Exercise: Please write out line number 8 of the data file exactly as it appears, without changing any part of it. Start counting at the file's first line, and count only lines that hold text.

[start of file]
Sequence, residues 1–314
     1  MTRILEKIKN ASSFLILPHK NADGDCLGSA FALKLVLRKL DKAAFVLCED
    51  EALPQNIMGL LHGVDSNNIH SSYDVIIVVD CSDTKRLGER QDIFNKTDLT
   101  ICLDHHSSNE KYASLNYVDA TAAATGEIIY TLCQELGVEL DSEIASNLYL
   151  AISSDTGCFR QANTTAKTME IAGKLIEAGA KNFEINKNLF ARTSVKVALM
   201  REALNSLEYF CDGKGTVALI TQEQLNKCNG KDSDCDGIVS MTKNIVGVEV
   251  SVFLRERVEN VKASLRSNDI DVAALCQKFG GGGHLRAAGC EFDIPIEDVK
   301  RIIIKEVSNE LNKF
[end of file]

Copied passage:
   301  RIIIKEVSNE LNKF